Interview Segments on Topic: Terminology
James Murphy is the chairman and CEO of Murphy & Co.
Murphy was the Chief Marketing and Communications Officer for Accenture and current Chairman and CEO of Murphy and Company, a management consulting firm specializing in corporate marketing and communications. Mr. Murphy successfully let the effort to rebrand and reposition Accenture in 2000 - 2001 which won widespread recognition for the company.
Mr. Murphy also chairs the PR Coalition, which focuses on issues of interest to all communications professionals and has been recognized for his expertise in government and investor relations, editorial and media activities, corporate advertising, crisis communications, marketing communications and philanthropy, plus many others professional skills.
Interviewer: I want to get a few more questions about that in a couple minutes… but let me ask you a little bit about terminology. Recently public relations, communications marketing, and advertising were all mottled together and it’s especially apparent with advertising and public relations in both the corporate and agency side and then there’s this whole thing about branding. Where does that lie? Could you talk about some of the changes that have happened in the terminology within the industry now?
Murphy: Well the terminology discussion has been going on since forever, okay, about What’s public relations? What’s public affairs? What’s corporate communications? Where does the marketing and advertising start? I think you should you have to step back and look at it. This is a business problem or business opportunity for an enterprise. And how they deal with all the constituents. And each company is probably going to be different about this because people are different. Markets are different. Circumstances are different. Investment..looked at a spectrum of closer to the commercial end of things over to the more societal end of things, you’d see sales way over here. Marketing sort of in the middle. You’d see corporate communications here. Then you start to see public affairs. Government affairs. Corporate citizenship over this other end and social responsibility. That’s a CEO’s job. Now how he or she decides how to do all that it’s really individual. Ideally he’d find someone not necessarily the sales piece but the rest of it he’d find somebody who could do it all and oversee it all, but it’s hard to find people with that kind of experience. So to me, it’s more it’s a debate about the people you have and the capabilities that they have to handle the spectrum as opposed to labeling the spectrum or putting one label on one piece and arguing about which is the right angle for the right piece. I think the debate about the language is academic. I mean excuse the expression, but it’s not that important. It’s what important is understanding interplay of all these activities with your major constituents and managing properly. And our speaker at this meeting, CEO from Abbott really gets it about handling all that. And we were very impressed last night by his remarks regarding that so. So the debate over language to me is not a big deal. But I’m sure we will be hearing about it for years. So.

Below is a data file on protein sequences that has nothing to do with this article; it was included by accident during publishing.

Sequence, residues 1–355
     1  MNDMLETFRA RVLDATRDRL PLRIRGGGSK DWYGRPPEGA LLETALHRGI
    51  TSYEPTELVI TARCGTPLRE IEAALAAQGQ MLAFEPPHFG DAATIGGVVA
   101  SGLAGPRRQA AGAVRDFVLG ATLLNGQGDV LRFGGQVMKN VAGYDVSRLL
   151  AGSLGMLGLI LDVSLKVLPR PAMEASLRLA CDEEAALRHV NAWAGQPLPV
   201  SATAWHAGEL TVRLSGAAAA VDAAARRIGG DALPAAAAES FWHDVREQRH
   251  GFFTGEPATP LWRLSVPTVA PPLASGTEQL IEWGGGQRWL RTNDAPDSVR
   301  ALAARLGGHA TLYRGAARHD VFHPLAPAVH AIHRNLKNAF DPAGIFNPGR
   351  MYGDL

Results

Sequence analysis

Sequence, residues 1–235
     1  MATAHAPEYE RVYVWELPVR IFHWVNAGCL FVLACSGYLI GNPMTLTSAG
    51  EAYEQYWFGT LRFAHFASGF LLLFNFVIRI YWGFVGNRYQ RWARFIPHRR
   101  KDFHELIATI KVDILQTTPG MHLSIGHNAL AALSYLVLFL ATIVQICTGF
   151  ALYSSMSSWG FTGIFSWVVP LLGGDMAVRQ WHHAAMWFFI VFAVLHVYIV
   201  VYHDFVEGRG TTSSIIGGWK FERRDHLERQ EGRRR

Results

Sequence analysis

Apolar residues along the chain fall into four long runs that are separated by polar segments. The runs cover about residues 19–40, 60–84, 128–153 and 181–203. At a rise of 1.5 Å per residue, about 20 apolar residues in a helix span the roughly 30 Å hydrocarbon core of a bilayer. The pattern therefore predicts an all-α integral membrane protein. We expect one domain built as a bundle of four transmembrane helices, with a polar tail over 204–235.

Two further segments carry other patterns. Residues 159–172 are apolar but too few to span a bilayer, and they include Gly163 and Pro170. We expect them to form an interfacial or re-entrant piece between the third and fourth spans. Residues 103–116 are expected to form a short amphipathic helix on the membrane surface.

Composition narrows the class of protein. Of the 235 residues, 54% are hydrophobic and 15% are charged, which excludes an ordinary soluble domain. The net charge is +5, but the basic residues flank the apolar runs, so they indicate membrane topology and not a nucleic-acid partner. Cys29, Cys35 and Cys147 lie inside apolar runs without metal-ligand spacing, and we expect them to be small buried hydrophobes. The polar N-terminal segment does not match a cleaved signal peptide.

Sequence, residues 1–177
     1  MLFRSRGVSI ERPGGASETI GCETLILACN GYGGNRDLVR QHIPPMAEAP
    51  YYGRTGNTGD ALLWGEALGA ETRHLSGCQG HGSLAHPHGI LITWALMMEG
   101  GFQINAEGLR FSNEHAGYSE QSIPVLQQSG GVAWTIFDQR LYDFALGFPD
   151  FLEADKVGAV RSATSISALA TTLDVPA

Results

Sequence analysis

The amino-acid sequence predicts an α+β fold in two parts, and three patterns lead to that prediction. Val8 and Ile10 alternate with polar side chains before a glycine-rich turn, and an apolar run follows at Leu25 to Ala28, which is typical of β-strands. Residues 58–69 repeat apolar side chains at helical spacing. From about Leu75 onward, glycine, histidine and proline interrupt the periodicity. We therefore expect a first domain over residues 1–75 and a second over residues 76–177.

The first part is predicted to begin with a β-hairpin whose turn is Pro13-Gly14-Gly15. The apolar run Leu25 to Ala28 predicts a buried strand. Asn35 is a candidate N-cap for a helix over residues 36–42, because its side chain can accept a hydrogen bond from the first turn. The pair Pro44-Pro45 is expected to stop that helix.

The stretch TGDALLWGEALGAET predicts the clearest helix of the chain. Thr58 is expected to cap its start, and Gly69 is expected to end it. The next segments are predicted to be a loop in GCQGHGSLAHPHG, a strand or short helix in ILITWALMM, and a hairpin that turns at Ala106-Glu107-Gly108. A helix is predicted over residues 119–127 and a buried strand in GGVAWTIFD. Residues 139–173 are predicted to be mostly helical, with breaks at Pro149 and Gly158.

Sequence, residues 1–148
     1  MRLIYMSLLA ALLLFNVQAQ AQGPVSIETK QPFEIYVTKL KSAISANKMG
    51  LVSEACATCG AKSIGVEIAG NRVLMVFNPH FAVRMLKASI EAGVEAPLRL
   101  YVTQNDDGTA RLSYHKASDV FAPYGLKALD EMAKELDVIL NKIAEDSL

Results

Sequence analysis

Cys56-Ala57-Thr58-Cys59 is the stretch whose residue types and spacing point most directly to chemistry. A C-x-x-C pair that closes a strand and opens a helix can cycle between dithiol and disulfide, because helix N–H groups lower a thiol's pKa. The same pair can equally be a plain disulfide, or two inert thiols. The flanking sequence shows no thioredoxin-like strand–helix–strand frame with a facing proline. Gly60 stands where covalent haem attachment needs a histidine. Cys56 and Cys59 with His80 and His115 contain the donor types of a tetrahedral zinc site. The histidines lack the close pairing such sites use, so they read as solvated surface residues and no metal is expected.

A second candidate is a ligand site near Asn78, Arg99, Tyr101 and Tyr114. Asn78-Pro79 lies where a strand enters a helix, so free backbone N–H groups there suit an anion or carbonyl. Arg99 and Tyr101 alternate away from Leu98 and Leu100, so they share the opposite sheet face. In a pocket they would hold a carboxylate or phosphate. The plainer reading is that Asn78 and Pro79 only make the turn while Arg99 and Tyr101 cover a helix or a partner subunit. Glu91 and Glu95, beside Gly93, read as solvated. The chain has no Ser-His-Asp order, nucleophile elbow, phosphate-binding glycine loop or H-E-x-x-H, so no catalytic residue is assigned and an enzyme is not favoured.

Interviewer: Right. I really wanted to capture your
Murphy: But if you think about the spectrum of how you deal with the external constituents and of course your internal ones too. And think about that that’s the space you should spend your time worrying about, not about what labels on which piece.
Interviewer: Okay you are looking for that individual who will be able to handle that whole continuum, what you were just speaking to.